Do you sometimes wish you didn’t have a foreign accent while speaking German? Perhaps then for once German natives would stop switching to English and finally honor your painstakingly constructed utterances! Well, it takes time to develop a good command of a foreign language, especially when it comes to accent-free speaking. The muscles in our throat, tongue and jaws are hard-wired to the set of sounds belonging to our mother tongue, and learning a new language often means breaking with ingrained habits.

This is why sometimes it can be helpful to take an indirect approach. So today, let’s learn a few key points about how to speak with a German accent, to help fine-tune your ears for the peculiarities of German phonetics and just have some fun!

1. “Say vot?” – Instead of “W” and “WH”, just say “V”

Udo Kier as Dragonetti in Blade (1998) as via

Udo Kier as Dragonetti in Blade (1998), via

When a German speaker wants to say: “Where is my wife’s jewelry?”, it will often sound like this: “Vere is my vife’s jevelry?’. That’s because in German, there is no “W” sound like in the English “war”, or “white”. It all sounds like “V” in “vase” or “Vienna”. Vice versa, when you see a German sentence like: “Wo sind die Bratwürste?”, simply make those German “W”s sound like English “V”s, so what you’ll actually say will sound more like: “Vo sind die Bratvürste?”

2. “Somesing to sink about!” – Flatten “TH” to “Z” or “S”

Christoph Waltz as Dr. King Schultz in Django Unchained (2012), via

Christoph Waltz as Dr. King Schultz in Django Unchained (2012). Not really a villain, but valid because Waltz.

Next up, let’s take a look at the most dreaded sound for German natives, the English “TH”, also known as voiced or voiceless dental fricative. This sound doesn’t exist in German, so struggling with positioning the tongue at the back of the upper teeth, most native Germans will just blurt out something that sounds like “Z” in “zoo”, or “S” in “sea”. Therefore, a sentence like: “This is something I’ve been thinking about.”, after applying our German accent, will sound like this: “Ziss iss somesing I’ve been sinking about.”

3. Let’s get Fricative! – Gargle Every “R” In Your Throat

Klaus Maria Brandauer as Maximillian Largo in Never Say Never (1983)

Klaus Maria Brandauer as Maximillian Largo in Never Say Never (1983)

And since we’re talking about sounds that don’t exist in German, let’s take a look at the English “R” as in “rude” or “river”. When speaking with a German accent, never make that sound! Ever. Instead — and this is a bit tricky, because this replacement sound doesn’t exist in English — pronounce all “R”s as what linguists call voiced uvular fricatives. To produce it, try gargling without water until there’s a soft vibration in the throat.  The German “R” in “Ratte” or “fragen” sounds like this:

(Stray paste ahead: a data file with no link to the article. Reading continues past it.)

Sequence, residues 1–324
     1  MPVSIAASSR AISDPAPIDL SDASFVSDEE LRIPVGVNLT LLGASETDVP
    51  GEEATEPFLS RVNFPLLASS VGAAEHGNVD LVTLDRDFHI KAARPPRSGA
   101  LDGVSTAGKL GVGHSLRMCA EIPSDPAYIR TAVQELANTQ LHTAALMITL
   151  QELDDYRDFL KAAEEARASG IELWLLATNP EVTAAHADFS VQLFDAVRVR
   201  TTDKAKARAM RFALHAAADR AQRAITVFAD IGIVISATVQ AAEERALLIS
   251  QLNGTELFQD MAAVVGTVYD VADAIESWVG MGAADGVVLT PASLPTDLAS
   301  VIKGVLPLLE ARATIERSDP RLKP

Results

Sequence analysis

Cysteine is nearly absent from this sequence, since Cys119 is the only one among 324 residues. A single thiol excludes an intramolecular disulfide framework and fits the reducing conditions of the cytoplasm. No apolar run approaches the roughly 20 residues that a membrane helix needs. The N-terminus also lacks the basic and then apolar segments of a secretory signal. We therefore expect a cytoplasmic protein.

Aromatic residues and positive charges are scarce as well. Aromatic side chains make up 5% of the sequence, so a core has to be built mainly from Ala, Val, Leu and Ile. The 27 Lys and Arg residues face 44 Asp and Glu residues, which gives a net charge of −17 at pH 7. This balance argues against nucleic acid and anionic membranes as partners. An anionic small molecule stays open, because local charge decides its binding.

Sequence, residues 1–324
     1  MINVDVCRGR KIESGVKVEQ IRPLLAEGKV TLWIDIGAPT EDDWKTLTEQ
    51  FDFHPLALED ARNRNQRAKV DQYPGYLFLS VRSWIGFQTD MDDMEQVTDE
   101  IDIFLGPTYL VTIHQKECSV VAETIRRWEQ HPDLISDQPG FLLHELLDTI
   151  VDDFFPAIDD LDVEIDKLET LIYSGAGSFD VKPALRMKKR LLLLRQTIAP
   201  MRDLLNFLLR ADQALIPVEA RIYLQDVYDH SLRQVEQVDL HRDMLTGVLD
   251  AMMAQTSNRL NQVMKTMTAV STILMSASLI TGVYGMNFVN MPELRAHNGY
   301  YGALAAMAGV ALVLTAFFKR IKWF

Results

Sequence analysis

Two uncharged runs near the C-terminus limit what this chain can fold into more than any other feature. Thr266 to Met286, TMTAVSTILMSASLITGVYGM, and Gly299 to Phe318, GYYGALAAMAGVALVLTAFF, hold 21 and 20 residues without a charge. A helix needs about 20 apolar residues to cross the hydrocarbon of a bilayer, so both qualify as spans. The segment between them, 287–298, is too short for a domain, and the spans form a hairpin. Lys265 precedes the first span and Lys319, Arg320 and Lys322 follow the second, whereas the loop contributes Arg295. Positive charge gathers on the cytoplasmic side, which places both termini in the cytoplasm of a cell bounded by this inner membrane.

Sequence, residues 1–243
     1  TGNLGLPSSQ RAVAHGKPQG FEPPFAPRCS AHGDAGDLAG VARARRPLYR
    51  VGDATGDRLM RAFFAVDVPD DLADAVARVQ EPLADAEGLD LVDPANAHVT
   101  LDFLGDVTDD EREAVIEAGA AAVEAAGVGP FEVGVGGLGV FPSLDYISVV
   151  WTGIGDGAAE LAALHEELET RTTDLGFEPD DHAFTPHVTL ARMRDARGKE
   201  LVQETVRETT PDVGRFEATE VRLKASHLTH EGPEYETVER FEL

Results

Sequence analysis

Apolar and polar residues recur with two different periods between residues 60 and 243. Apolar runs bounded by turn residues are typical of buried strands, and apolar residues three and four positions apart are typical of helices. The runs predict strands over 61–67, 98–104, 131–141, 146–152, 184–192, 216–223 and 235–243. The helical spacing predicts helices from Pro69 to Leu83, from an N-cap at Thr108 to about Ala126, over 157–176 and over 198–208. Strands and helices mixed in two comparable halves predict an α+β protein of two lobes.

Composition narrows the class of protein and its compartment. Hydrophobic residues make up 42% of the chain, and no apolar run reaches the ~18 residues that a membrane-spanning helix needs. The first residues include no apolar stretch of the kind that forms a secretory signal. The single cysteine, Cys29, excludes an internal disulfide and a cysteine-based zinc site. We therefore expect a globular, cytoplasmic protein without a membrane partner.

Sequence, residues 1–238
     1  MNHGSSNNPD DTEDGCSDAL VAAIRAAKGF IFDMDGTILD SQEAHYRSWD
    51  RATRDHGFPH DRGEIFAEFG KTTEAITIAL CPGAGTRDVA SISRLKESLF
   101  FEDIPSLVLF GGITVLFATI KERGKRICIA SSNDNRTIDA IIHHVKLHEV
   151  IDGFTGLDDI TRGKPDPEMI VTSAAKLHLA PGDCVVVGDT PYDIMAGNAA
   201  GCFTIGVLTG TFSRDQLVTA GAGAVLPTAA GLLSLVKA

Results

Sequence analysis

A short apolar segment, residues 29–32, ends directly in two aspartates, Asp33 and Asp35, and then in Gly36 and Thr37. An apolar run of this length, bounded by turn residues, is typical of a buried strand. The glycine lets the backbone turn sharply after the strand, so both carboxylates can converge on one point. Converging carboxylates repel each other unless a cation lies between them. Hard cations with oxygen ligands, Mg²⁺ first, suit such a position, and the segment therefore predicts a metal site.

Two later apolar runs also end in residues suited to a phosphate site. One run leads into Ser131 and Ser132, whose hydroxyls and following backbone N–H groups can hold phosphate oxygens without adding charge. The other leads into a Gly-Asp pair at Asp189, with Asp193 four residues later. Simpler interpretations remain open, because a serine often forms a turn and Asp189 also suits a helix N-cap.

audio via Wikipedia / Creative Commons

As an alternative to the voiced uvular fricative, sometimes German also uses a uvular trill, but except for poetry readings and some local dialects it’s slowly fading out of fashion. It sounds like this:

audio via Wikipedia / Creative Commons

4. “Ze kitts heff many frents.” – Harden your consonants

Peter Sellers in Dr. Strangelove (1964), via

Peter Sellers in Dr. Strangelove (1964)

Another interesting phenomenon in German is called “Auslautverhärtung”, meaning whenever presented with a “soft” consonant at the end of a word, such as “g, d, b”, we pronounce them like their “harder” brothers “k, t, p”. So let’s take a look at a sentence like: “I hurt my head in the pub.” After putting it through a German accent, it will sound like this: “I hurt my hett in the pup.” Needless to say, this makes for a lot of funny misunderstandings, because in English, the meaning of some words changes when doing this, i.e. pub/pup, kid/kit, rib/rip.

The same thing happens with the “S” sound, by the way. Whenever you hear someone do a bad German accent on TV or in the movies, they will just hiss all their “S”s all over the place, but it actually just happens at the end of words! So, whenever you see the letter “S” in a German word like “sitzen” or “reisen” it’s not hissed, but pronounced like the English “Z” in “breeze”. But when it appears at the end, like in “Bus” or “Reis”, it sounds like the regular English “S” in “sorrow” or “fuss”.

These are just a few key points, but by following these couple of rules, you got the basic features of an authentic German accent, whether for your next audition as a stereotypical Teutonic scientist or just to amuse friends and family.